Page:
Sign In

2009 Albert Bichot Domaine Adélie Mercurey Champs Martin

Not Currently In Auction

Latest Sale Price

May 19, 2024 - $41



Albert Bichot

Maison Albert Bichot is one of Burgundy’s largest and most important negociants. It was founded by Bernard Bichot in 1831 as a wine brokerage and by the early 20th century the maison was exporting throughout Europe and to the U.S. In 1912 it moved its headquarters to Beaune. Today the estate is run by Alberic Bichot, the sixth generation of the founding family. In 2004 Albert Bichot was named “Red Winemaker of the Year” by the International Wine Challenge and in 2011 the maison won the “White Winemaker of the Year” honor from the same organization. Albert Bichot owns four estates, one each in Chablis, Nuits-Saint-Georges, Pommard and Mercurey. It is also produces wine from Cote de Beaune, Cote Chalonnnaise, Beaujolais, Maconnais and regional appellations. Altogether the maison owns a total of more than 250 acres of vineyards.


France, Burgundy, Côte Chalonnaise, Mercurey, Les Champs Martin

Mercurey, the appellation, includes the communes of Mercurey and Saint-Martin-sous-Montaigu, and it is the largest of the Côte Chalonnaise appellations by size and production. Mercurey takes its name from the Roman god Mercurey, who was a winged messenger and the god of commerce. The appellation includes nearly 1,600 acres of vineyards, of which 95% is planted to Pinot Noir and 5% to Chardonnay. Though there are no Grand Crus, there are 32 Premier Cru vineyards. Robert M. Parker Jr. wrote several decades ago that Mercurey was “the appellation of the future in the Côte Chalonnaise” because of relatively high quality wines offered at good value. Prices have crept up, but Clive Coates has noted more recently that “Mercurey is the most structured of the Chalonnaise reds wines…At its best, it is rich and ample though, with a certain earthiness…”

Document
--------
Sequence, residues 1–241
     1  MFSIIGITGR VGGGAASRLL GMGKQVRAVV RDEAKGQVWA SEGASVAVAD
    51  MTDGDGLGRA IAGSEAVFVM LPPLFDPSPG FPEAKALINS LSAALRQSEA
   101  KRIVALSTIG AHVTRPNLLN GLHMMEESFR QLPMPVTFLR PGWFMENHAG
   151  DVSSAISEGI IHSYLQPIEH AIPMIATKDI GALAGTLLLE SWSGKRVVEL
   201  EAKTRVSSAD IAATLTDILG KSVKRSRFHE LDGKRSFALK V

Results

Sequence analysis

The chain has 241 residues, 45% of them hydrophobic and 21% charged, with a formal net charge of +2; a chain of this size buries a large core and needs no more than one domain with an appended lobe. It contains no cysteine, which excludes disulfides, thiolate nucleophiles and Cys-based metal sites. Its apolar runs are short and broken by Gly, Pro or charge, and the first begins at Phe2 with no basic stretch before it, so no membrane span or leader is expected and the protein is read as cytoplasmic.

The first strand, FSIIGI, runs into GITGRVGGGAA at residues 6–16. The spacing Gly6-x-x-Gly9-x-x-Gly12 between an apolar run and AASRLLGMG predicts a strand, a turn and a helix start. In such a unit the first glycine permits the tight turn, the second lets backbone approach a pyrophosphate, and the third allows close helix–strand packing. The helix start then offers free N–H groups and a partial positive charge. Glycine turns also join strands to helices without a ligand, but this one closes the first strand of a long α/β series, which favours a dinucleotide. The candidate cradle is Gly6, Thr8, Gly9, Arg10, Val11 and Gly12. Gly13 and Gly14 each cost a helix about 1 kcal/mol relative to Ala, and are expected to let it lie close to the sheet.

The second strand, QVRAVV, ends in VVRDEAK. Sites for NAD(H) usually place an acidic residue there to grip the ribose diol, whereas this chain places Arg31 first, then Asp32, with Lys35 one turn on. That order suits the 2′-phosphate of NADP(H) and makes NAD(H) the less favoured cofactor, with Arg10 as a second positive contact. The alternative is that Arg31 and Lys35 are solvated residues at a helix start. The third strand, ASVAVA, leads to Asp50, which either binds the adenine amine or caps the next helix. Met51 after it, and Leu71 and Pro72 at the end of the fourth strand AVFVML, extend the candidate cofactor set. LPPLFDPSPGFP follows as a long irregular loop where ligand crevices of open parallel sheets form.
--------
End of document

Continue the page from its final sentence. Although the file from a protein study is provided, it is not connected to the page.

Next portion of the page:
Red Wine, Pinot Noir, 1er (Premier) Cru

This red wine is relatively light and can pair with a wide variety of foods. The grape prefers cooler climates and the wine is most often associated with Burgundy, Champagne and the U.S. west coast. Regional differences make it nearly as fickle as it is flexible.